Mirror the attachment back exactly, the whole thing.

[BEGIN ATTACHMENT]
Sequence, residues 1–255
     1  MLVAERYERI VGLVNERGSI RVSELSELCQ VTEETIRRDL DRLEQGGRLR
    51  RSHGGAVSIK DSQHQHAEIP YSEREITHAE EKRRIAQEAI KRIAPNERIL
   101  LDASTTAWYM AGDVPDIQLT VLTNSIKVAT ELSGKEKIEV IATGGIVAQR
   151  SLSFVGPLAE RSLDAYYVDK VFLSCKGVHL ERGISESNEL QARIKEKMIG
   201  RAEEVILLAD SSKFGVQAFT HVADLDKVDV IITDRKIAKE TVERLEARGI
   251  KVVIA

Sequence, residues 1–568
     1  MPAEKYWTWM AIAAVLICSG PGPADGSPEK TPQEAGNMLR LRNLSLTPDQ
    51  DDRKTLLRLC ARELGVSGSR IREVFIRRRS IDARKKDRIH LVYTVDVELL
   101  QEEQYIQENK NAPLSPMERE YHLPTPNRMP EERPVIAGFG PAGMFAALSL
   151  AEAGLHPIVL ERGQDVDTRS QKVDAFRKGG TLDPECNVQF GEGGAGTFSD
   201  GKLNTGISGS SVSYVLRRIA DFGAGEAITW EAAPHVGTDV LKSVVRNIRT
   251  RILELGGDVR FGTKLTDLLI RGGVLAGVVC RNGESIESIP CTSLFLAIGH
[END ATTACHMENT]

Sequence, residues 1–255
     1  MLVAERYERI VGLVNERGSI RVSELSELCQ VTEETIRRDL DRLEQGGRLR
    51  RSHGGAVSIK DSQHQHAEIP YSEREITHAE EKRRIAQEAI KRIAPNERIL
   101  LDASTTAWYM AGDVPDIQLT VLTNSIKVAT ELSGKEKIEV IATGGIVAQR
   151  SLSFVGPLAE RSLDAYYVDK VFLSCKGVHL ERGISESNEL QARIKEKMIG
   201  RAEEVILLAD SSKFGVQAFT HVADLDKVDV IITDRKIAKE TVERLEARGI
   251  KVVIA

Sequence, residues 1–568
     1  MPAEKYWTWM AIAAVLICSG PGPADGSPEK TPQEAGNMLR LRNLSLTPDQ
    51  DDRKTLLRLC ARELGVSGSR IREVFIRRRS IDARKKDRIH LVYTVDVELL
   101  QEEQYIQENK NAPLSPMERE YHLPTPNRMP EERPVIAGFG PAGMFAALSL
   151  AEAGLHPIVL ERGQDVDTRS QKVDAFRKGG TLDPECNVQF GEGGAGTFSD
   201  GKLNTGISGS SVSYVLRRIA DFGAGEAITW EAAPHVGTDV LKSVVRNIRT
   251  RILELGGDVR FGTKLTDLLI RGGVLAGVVC RNGESIESIP CTSLFLAIGH